ECOSYSTEM HIGHLANDS: behind the coffee chain (new SFYN podcast episode)

09 Dec 2020

The new SFYN podcast episode is on Air

by Kumud Dadlani, Guest host on SFYN Podcast

The Coffee industry could potentially be disrupted. As seen in the study by IPCC, climate change can significantly reduce the production of Arabica and Robusta beans. Additionally, the rainforest trust reports that almost 50% of the land used for Coffee production will no longer be sustainable and viable. Taking care of the soil, land and the various elements of an ecosystem is of utmost importance.

This is true for Coffee farms around the world. While the identity of Coffee has changed from a utilitarian function to much emphasis being given as a speciality commodity now, so should the production of it change from large scale plantations to an agro ecological method of growing. Seeing Coffee for it truly is, i.e. a plant and not a crop. A lot of this can be seen in the highlands of the world, where Coffee is grown in tandem with nature and as part of an ecological & regenerative system.


by Kumud Dadlani


Building resilience is crucial at this time.

While we might be in the pursuit of adding value, what does that truly mean in the Coffee world? Can speciality Coffee also include features of the ecosystem that grew within? The birds, the bees, the animals, the land and the people who are a part of the cycle be given due diligence.

Taking care of the Highlands is about environmental management and is fundamental to the issue of climate change where a holistic approach is taken socially and environmentally. Native knowledge is a key factor here and the transferring of it to the next generation of caretakers of the land.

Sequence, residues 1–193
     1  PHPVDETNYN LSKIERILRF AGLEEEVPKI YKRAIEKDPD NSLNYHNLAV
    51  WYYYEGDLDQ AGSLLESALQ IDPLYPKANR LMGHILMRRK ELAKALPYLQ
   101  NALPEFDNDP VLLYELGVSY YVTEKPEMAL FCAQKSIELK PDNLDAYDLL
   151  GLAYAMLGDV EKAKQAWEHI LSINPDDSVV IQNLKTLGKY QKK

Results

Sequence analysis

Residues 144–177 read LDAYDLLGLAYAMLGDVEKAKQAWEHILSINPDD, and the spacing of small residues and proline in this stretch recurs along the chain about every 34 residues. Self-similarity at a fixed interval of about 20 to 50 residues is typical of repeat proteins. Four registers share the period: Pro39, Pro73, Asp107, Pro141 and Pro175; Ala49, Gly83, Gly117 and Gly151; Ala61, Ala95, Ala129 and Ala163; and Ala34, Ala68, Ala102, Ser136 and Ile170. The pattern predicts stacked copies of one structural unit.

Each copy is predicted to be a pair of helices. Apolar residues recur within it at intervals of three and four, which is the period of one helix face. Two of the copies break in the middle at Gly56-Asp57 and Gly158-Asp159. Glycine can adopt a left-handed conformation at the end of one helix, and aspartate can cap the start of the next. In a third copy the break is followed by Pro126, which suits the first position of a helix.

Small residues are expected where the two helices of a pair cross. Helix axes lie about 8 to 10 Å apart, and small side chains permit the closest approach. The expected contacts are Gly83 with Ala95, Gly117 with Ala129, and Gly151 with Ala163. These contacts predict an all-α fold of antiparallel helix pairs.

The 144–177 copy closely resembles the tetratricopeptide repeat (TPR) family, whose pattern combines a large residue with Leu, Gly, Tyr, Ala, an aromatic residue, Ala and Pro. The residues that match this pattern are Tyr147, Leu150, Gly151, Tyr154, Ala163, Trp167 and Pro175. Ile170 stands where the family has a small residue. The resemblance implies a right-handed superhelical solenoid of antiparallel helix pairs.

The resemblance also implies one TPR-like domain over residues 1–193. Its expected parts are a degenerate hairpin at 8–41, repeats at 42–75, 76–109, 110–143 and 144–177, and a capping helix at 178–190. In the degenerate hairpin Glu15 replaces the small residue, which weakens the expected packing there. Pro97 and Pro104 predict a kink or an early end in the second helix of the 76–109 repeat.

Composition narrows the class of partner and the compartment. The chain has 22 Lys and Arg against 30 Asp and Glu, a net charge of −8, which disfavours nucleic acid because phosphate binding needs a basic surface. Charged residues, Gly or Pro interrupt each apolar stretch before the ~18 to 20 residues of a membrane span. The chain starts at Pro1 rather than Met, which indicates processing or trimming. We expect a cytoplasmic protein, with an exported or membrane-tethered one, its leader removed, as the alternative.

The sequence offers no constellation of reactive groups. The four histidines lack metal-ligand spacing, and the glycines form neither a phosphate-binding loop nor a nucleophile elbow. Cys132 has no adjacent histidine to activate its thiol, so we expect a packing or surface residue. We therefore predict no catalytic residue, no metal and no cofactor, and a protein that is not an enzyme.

“When it comes to highland growers, they need to be equipped with the ability to process their own Coffee, the ability to move their own Coffee with the ability to sell their own Coffee to be able to reap the true benefit of highland Coffee.”

  Arthur Karuletwa

Coffee as a commodity presents global challenges where social inequality and loss of biodiversity is commonly seen. Understanding the role of Coffee and it’s disparities in the producing and consuming countries is not to be overlooked. This is where technology plays a part in creating access and equity through traceability and transparency in the value chain. The future of Coffee could very well depend on these factors.


by Black Baza Coffee


  • Stephany Escamilla Femat & Gerardo Hernández Martínez run the cooperative El Cafecol in Veracruz, Mexico. Together they maintain the objectives of preserving the diversity of the forest, ensure stable livelihoods, develop programs to enhance the value of Coffee and work together with the government to change local policies around Coffee.
  • Arshiya Bose, a social scientist from India who started Black Baza Coffee as a medium to help Coffee farmers to grow the plant in tandem with nature. She speaks about the biodiversity seen in India and the new definition of speciality Coffee. For her, the forest is represented in the cup.
  • Arthur Karuletwa, hails from Rwanda. At his former job at Starbucks Coffee company where he was the Coffee Traceability Director, Arthur has worked on a program using block chain technology to give back and solidify the identities of Coffee growers. He further explains how the terroir can affect the flavour and sensory quality in a cup of Coffee.
  • Emanuele Dughera, works for the Slow Food Foundation for Biodiversity as coordinator & as a spokesperson of the Africa and Middle East Office. Furthermore, he manages Slow Food actions, grassroots projects, food and educational activities, in the Southern African countries as well as Portuguese speaking countries in Africa. He speaks of a new project called Slow Food Coffee Coalition.

Listen to the episode in the SFYN Podcast on:



Google podcasts 


Extra materials, such as pictures, additional interviews and documents can be found on the Slow Food Youth Network Patreon page

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